Almost a full three years have gone by since Rustie dropped his debut album Glass Swords via pioneering imprint Warp Records. Back then, when dubstep was on the brink of Massive-fuelled implosion and EDM was set to rise from its ashes like some monstrous bionic phoenix, the excitable synth-driven sounds offered by the Glaswegian provided a breath of fresh air for those suffocating under the senseless aggression of the aforementioned genres. Glass Swords quickly became one of the year’s most essential albums, and there were only two questions on everyone’s lips, namely, why does the (then) 27-year-old Rustie look about 13? And more importantly, what will he come up with next?
Well, finally the latter inquiry can be laid to rest. Rustie’s sophomore album has arrived and at first glance not a whole lot has changed since 2011; Green Language offers up a similar sonic palette to its predecessor – neon synths, digital soundscapes, etc – however, upon closer inspection the new LP is an entirely different beast. Sounding overall far less like the soundtrack to Mario Kart, Green Language further showcases Rustie’s diverse talents, whilst remaining cohesive and true to his established sound.
Across thirteen tracks Rustie presents both light and dark, serene and hectic, pop and experimental. Dusty, astral intro ‘Workship’ contrasts the dappled keys of closer ‘Green Language’, yet the two stand together as beat-less bookends to the tumultuous tracks within. Slow paced trap-like rhythms form the backbone of the album, creating a natural flow whilst offering the chance for variety via melodic elements; Rustie throws up walls of synthetic sound in ‘Raptor’, whilst taking on an almost prog rock tone in ‘Tempest’.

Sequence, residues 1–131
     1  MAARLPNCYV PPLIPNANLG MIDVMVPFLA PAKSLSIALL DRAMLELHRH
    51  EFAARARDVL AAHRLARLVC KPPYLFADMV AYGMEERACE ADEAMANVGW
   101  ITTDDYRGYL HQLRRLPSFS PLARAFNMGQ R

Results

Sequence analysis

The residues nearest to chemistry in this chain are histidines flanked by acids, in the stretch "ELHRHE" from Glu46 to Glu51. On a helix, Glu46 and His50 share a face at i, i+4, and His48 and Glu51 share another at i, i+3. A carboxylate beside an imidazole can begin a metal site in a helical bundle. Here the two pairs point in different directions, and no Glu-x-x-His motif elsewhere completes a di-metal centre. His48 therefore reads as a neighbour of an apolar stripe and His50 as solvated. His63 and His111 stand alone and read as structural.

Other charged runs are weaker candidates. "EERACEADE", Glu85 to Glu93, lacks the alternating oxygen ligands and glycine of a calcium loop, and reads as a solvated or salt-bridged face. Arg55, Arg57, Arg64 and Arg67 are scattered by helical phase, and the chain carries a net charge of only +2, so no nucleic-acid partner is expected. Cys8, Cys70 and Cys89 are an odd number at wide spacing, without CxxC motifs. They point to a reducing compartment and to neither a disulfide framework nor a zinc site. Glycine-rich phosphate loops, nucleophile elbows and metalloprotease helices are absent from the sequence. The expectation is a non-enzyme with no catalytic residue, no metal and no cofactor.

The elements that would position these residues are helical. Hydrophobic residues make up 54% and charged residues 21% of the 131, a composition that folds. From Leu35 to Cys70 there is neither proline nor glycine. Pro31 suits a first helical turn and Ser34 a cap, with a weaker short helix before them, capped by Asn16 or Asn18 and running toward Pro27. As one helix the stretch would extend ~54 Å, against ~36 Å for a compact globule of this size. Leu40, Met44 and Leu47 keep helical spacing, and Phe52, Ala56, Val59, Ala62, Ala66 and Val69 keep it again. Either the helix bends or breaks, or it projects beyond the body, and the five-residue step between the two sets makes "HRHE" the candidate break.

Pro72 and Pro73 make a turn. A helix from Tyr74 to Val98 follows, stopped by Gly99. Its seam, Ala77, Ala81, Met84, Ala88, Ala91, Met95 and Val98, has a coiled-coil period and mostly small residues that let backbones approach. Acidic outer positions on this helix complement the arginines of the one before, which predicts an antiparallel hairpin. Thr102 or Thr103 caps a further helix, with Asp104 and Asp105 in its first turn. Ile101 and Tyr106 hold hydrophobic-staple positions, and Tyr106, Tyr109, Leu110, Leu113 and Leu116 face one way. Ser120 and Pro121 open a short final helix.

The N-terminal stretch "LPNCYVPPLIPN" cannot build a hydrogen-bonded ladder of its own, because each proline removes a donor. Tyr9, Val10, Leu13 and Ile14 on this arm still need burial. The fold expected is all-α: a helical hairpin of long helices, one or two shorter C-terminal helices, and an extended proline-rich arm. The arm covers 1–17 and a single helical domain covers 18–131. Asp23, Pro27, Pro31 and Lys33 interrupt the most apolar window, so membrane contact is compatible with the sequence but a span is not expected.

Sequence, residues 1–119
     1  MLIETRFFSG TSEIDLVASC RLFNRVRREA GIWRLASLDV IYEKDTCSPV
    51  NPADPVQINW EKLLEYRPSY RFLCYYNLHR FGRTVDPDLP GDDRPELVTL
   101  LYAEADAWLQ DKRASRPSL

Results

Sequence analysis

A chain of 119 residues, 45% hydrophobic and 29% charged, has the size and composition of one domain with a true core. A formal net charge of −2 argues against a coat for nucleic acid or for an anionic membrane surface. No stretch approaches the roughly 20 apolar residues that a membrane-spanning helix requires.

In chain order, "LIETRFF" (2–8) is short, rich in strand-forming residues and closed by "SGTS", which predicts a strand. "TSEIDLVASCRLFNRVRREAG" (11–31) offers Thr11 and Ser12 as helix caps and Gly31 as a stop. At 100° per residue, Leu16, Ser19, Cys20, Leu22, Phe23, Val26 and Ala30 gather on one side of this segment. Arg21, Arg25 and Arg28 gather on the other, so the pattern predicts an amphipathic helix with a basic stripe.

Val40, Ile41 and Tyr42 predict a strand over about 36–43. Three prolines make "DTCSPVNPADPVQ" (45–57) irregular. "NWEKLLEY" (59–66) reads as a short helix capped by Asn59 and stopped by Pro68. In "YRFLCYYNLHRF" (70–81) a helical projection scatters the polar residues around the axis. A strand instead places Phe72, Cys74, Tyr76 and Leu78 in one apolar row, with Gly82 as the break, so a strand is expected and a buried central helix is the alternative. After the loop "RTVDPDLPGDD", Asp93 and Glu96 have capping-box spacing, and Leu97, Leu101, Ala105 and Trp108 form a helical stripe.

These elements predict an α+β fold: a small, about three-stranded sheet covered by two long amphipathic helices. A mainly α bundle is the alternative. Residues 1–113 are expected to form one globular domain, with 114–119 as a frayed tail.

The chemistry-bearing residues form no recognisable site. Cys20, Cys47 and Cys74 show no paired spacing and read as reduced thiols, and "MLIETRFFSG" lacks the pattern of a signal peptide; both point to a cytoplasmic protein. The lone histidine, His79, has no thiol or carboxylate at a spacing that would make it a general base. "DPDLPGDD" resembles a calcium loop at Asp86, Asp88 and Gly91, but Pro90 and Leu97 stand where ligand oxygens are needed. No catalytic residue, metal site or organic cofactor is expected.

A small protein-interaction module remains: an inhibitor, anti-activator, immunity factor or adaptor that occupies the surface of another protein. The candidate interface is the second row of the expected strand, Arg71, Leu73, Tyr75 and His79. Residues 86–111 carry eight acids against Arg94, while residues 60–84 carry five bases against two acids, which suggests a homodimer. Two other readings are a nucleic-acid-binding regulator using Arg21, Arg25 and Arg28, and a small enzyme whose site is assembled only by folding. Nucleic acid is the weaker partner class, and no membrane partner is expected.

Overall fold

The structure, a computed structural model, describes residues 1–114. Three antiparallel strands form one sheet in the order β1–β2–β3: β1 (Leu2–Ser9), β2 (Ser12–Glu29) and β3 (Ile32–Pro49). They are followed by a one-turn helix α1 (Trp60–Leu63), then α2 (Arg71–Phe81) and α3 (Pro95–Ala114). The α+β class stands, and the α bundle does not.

However, as interesting as these solo pieces are, they do require a rather liberal ear; it is within Rustie’s collaborative work that we find the both the highlights and most commercially viable areas of Green Language. Managing to make D Double E sound as unthreatening as Tinie Tempah is no easy feat, and, although perhaps in some eyes a misguided decision, will certainly help ‘Up Down’ earn plays in the average sticky-floored clubs of small town Britain. Meanwhile, ‘Attak’, the crowning glory of the LP, goes all out with a brutal beat and the sharp-tongued support of Detroit’s latest superstar Danny Brown.
Green Language feels like a natural progression for Rustie; his much-loved style is still in full effect, yet has developed and adapted to fit both his newfound fame and the current musical landscape. The album is more accessible, if somewhat less unique, and, although not perfect, it is most definitely Rustie.